The Marshall JTM100 Black Flag is one the Holy Grail amplifiers, the maybe the holiest! Its a close tie with the JTM45/100. This amps is in amazing shape and all original. Just about Impossible and definitely unique to be in the shape it's in. It's a tone master. This amp has rock star status for sure. The model was a favorite of Jimi Hendrix, Clapton, and many of the guitars who grew up listening to.
One thing that makes it so rare is production totals. This amp was only made in 1967 for about 6 months.
The so-called Black Flag amps are easily recognizable by having a reverse logo “J.T.M.” faceplate. These models are sometimes referred to as “JTM100s” as opposed to “JTM45/100s”. These are the first 100W amps known to feature a steel chassis. The new chassis made it possible to reduce cost while increasing strength. However, the transformers were placed very close together, something that can lead to noise. Except for the chassis and faceplate these amps are identical to the last JTM45s. The output transformer was typically a 1202-119, but the very Black Flags appear to use the Drake 1202-132 (introduced June 1967). The 1202-132 has a 4 ohms taps instead of the 1202-119’s 100V tap. These transformers are very similar but the 132 has slightly less bass than the 119. The first Black Flag amps used 270K mixer resistors (like the JTM45s), whereas the last ones used 470K mixer resistors (like the later amps), resulting in slightly more gain as well as more low midrange on the bright channel. Both Piher and Iskra carbon film resistors are used, although Iskras became predominant in the late 1960s. Carbon composite resistors are used less frequently than on the early amps (but some Black Flags have a 1W carbon composite 10k tail resistor). The voltages on these amps are recorded to be around 480V, slightly lower than earlier amps. Headcabs used both the narrow vent found on earlier amps and the wide vent used on later amps. All these amps had serial numbers in the 10.000 range.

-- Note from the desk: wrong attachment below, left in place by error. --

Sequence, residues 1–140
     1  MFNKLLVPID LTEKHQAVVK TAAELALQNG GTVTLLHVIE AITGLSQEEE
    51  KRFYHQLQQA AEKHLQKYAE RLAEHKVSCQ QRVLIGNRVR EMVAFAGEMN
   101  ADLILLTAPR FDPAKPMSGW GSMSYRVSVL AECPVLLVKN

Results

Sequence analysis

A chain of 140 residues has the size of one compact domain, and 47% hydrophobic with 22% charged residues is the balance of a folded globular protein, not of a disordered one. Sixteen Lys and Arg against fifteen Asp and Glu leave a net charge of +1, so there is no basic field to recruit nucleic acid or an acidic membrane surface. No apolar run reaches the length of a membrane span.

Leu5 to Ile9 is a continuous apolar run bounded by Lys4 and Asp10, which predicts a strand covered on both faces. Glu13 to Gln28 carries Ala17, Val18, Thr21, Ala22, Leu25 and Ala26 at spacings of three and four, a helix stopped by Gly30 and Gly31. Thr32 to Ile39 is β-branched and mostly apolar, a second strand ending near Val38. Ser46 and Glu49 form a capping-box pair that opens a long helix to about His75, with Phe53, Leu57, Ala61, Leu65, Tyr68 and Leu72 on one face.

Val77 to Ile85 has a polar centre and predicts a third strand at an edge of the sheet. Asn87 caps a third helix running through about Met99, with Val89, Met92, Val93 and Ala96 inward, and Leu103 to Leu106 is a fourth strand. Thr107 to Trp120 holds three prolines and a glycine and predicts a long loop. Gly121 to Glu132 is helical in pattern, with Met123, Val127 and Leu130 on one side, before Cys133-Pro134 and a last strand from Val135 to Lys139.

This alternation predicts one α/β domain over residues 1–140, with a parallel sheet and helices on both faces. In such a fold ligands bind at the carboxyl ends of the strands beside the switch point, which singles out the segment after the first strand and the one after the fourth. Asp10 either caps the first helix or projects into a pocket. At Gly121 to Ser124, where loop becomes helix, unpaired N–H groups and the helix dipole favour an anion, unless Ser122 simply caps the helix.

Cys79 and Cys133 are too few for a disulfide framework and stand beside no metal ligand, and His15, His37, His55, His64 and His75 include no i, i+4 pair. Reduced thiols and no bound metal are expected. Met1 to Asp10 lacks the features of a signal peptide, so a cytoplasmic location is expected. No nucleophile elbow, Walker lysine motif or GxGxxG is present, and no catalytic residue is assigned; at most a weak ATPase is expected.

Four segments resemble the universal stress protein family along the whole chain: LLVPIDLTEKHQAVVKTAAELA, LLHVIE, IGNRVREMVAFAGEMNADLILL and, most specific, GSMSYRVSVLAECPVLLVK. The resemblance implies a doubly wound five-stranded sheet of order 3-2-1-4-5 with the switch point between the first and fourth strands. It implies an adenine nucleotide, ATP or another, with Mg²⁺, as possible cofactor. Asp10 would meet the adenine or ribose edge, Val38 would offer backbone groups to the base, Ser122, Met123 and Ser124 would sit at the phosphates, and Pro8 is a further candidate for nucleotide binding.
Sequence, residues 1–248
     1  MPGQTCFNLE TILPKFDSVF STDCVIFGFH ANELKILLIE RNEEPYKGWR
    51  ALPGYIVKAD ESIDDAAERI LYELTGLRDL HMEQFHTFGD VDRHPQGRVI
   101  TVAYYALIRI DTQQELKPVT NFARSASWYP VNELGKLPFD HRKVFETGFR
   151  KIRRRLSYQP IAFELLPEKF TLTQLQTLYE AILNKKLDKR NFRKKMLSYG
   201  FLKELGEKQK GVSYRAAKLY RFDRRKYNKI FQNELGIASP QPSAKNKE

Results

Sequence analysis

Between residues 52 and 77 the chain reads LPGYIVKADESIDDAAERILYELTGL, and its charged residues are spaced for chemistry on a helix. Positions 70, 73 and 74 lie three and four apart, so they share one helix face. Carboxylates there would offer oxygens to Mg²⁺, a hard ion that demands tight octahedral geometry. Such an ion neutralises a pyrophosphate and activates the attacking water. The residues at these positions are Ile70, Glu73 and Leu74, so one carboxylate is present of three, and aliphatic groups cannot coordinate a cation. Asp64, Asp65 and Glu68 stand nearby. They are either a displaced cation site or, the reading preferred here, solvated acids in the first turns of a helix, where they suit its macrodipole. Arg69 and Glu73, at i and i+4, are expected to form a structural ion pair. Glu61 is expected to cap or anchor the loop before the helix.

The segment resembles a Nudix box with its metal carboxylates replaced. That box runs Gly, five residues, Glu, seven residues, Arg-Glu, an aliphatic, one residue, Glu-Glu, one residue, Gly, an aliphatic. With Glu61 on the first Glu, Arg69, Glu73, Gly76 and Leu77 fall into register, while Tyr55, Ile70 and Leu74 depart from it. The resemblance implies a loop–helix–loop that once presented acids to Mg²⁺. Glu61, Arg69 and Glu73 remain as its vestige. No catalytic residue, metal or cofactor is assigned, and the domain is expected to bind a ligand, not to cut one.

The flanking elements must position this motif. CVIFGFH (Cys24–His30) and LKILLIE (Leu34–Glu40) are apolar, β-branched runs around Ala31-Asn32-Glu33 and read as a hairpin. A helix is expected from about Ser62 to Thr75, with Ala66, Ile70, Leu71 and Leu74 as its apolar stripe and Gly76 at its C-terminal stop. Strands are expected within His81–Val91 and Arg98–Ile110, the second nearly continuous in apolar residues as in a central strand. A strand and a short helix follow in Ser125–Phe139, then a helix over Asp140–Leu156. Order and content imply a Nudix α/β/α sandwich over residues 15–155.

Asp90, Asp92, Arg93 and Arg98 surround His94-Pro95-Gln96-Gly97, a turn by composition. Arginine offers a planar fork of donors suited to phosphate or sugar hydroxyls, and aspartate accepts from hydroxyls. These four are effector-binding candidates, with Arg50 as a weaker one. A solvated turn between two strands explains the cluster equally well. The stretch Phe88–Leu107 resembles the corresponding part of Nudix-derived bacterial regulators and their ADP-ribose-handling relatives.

Pictures show Hendrix with a Black Flag the fall of 1967 and the spring of 1968. This amp can be seen the first time June 18 1967 at Monterey and appears to have been used extensively for dirty tones on Axis: Bold as Love. It can probably be heard on BBC Sessions from the fall of 1967 and on “Catfish Blues” on Blues. Tonal similarities suggest Hendrix used it also on “Voodoo Child Blues” (Blues), “Voodoo Child (Outtake)” (Electric Ladyland & Beyond), and “Voodoo Child” (Electric Ladyland). Another Black Flag user is Paul Kossoff, as shown by pictures from Free album sessions (found in the sleeve of Tons of Sobs). Finally, recent pictures and videos show Eric Johnson with a Black Flag, probably used for Hendrix inspired dirty rhythm tone.
Partly as a result of this, there has been renewed interest in Black Flags amps lately. The circuit has been recreated by builders on the Metroamp forum and by Germino amps (the early Fillmore Classic, no longer made). Some users of the original amps (as well as users of recreations) have reported problems with ghost notes at loud volumes. Some originals and clones are modified with increased filtering that minimizes ghosting, but this gives a harder tone and feel to the amps. Others have changed the grounding scheme (especially the ground loop at the potentiometers) in order to deal with ghosting. How these amps differ from the earlier and later EL34 amps tonally is still not perfectly clear. Some find these amps to sound like the later 1967 amps, while others find them to have a unique dynamic response due to the dual rectifier power supply. Needless to say, these amps are capable of great blues and rock tones when properly maintained and set up.